Certification and Licensure

The M.S. in Clinical Psychology can qualify students to take the exam for a Licensed Psychological Associate (L.P.A.) from the Texas State Board of Examiners of Psychologists. However, following consultation with their Faculty Advisor and/or the Graduate Admissions Coordinator in Psychology and Counseling, substitutions in course work or modest additions of course work may qualify graduates also for the licensing exam to become a Licensed Professional Counselor (L.P.C.) through the Texas State Board of Examiners of Professional Counselors. For example, many M.S. alumni have the L.P.A. and the L.P.C. The L.P.C. also requires 3000 hours of supervised practice after the completion of the master’s degree.

Students who complete the School Psychology Specialization can qualify as a Licensed Specialist in School Psychology (L.S.S.P.) from the Texas State Board of Examiners of Psychologists, after passing the licensing exam. The L.S.S.P. requires a 1200-hour supervised internship in a public school, which is included in the School Psychology specialization degree plan.

Degree Requirements

Total Semester Credit Hours = 60-66

All clinical psychology students are required to complete a foundation of 39 credit hours (30 credit hours for School Psychology majors) as follows:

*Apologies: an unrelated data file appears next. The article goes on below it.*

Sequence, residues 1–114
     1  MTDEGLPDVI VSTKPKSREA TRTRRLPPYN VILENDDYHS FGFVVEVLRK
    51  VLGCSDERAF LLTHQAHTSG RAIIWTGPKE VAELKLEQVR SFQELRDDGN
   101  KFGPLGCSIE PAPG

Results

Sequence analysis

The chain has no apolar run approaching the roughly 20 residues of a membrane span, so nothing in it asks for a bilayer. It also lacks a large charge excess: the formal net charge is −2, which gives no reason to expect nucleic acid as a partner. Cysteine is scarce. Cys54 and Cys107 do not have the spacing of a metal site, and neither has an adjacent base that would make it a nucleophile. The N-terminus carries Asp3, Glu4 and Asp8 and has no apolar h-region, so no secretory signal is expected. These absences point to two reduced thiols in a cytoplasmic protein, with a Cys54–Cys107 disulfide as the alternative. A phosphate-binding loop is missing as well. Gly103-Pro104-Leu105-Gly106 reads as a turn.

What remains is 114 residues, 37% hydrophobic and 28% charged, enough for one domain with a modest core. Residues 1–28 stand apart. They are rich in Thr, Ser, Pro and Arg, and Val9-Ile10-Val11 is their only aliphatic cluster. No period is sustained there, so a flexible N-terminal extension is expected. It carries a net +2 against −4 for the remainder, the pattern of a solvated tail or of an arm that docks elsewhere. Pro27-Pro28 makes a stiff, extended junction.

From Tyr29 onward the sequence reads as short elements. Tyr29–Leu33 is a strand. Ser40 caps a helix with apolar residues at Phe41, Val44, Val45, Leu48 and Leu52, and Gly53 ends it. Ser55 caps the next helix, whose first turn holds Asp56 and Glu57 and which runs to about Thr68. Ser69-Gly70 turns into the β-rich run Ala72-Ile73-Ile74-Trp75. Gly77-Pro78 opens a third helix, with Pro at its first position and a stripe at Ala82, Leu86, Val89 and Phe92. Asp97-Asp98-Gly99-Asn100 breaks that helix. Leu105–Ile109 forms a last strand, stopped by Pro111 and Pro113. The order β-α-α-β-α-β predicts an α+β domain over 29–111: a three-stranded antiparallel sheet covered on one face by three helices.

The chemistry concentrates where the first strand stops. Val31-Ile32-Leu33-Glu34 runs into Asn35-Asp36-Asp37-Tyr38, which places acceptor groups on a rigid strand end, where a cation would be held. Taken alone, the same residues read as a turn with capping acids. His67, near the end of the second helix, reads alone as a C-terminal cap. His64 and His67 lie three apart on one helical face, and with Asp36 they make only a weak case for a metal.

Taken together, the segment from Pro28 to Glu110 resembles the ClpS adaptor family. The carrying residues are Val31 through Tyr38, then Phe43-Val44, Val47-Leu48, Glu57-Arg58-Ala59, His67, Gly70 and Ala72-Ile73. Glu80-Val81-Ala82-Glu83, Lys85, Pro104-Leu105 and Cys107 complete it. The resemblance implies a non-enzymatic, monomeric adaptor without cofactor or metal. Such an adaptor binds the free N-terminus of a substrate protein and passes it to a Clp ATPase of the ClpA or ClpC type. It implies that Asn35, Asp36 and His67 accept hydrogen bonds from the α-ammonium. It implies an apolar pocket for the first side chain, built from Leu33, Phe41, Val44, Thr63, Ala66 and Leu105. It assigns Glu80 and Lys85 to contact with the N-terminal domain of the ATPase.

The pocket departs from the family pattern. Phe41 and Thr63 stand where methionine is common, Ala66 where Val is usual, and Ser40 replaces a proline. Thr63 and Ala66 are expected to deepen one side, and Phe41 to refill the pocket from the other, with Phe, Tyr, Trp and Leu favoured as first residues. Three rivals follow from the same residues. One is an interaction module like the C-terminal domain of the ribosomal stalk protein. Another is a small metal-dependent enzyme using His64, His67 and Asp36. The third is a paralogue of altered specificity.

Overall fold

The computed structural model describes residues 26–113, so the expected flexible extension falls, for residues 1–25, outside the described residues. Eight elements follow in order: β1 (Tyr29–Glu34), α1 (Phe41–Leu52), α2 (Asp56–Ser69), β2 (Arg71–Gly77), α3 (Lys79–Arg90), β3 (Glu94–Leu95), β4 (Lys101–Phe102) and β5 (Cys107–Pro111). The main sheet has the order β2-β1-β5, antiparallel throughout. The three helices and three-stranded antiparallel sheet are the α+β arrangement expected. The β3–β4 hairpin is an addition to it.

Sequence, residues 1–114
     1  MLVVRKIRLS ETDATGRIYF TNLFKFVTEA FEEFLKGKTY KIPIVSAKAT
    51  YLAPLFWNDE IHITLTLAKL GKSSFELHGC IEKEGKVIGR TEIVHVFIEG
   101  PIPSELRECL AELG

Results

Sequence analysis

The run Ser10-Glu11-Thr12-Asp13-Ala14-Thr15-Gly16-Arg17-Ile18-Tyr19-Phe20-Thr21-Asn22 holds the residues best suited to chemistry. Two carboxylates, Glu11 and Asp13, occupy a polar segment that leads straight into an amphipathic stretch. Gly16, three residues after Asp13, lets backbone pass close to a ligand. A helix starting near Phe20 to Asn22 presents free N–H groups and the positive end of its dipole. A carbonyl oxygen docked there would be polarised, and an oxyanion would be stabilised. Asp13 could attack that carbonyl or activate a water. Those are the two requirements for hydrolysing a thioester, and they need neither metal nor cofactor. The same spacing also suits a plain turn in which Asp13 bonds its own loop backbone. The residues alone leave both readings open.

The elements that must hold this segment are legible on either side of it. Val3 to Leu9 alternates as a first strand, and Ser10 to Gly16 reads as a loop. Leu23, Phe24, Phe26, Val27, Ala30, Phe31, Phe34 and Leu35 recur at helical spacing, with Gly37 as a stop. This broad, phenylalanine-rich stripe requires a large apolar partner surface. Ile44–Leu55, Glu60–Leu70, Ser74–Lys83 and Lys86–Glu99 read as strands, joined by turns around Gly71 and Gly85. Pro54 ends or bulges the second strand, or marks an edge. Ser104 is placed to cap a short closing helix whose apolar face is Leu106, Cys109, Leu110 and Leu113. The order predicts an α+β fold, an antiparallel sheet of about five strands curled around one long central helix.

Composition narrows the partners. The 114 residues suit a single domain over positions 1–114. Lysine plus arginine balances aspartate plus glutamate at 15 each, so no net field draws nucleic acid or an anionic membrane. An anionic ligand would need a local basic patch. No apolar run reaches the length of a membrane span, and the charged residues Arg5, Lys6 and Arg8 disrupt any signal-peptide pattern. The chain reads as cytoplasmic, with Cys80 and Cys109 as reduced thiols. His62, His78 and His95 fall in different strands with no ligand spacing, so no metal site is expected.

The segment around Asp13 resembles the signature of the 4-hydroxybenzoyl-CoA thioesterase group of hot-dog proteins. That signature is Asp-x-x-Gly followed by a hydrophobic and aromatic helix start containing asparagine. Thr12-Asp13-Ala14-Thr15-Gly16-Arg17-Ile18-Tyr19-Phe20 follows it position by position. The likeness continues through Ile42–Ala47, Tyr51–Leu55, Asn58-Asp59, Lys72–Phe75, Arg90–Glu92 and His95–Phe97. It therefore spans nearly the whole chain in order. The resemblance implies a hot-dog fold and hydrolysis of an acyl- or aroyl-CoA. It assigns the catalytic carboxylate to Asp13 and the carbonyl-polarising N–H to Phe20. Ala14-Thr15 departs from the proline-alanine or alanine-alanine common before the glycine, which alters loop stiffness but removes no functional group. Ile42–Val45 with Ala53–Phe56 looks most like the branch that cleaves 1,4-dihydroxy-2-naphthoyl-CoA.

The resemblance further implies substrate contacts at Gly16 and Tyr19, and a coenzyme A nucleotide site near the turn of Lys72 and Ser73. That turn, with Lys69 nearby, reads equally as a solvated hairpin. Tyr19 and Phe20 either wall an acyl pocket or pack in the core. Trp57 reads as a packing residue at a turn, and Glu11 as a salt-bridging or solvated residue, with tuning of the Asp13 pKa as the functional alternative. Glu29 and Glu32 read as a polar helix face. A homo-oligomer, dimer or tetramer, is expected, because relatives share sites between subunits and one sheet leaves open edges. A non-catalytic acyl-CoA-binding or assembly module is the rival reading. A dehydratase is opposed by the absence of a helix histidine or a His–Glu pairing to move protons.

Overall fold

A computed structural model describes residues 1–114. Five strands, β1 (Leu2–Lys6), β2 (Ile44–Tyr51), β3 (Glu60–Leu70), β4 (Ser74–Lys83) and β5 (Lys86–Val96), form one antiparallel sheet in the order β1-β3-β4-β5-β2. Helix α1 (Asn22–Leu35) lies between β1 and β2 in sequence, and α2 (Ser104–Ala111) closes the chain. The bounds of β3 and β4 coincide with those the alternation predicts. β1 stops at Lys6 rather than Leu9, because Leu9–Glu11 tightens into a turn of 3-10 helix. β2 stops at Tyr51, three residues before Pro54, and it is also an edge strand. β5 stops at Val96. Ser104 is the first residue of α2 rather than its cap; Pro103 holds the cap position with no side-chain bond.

Foundation Courses (30-39 hrs.)

PSYC 5308Advanced Psychopathology and Diagnosis

PSYC 5312Counseling Theories

PSYC 5328Issues and Professional Ethics

PSYC 5340Advanced Psychological Statistics and Design

PSYC 5354Psychopharmacology

PSYC 5384Cognitive Behavioral Therapy and Applications

PSYC 5366Assessment of Individual Mental Ability I

PSYC 5368Clinical Mental Health Assessment

PSYC 5392Applied Counseling Practice

PSYC 5393Applied Therapy

PSYC 5396Supervised Practicum in Psychology

PSYC 5397Supervised Practicum in Psychology

PSYC 5398Research Seminar

PSYC 5393 and PSYC 5397: Waived for students in School Psychology Specialization.

PSYC 5354: School Psychology Specialization majors may substitute PSYC 5350 Clinical Neuropsychology.

PSYC 5384: School Psychology Specialization majors substitute PSYC 5361: Behavior Modification

Students who wish to complete the general program of study in clinical psychology may choose their remaining hours from the graduate psychology and counseling courses listed in the course description section.

They should consult their faculty advisor and specify the courses in their degree plans.

Students who choose to complete a specialization must include the following courses, as appropriate, among their remaining hours.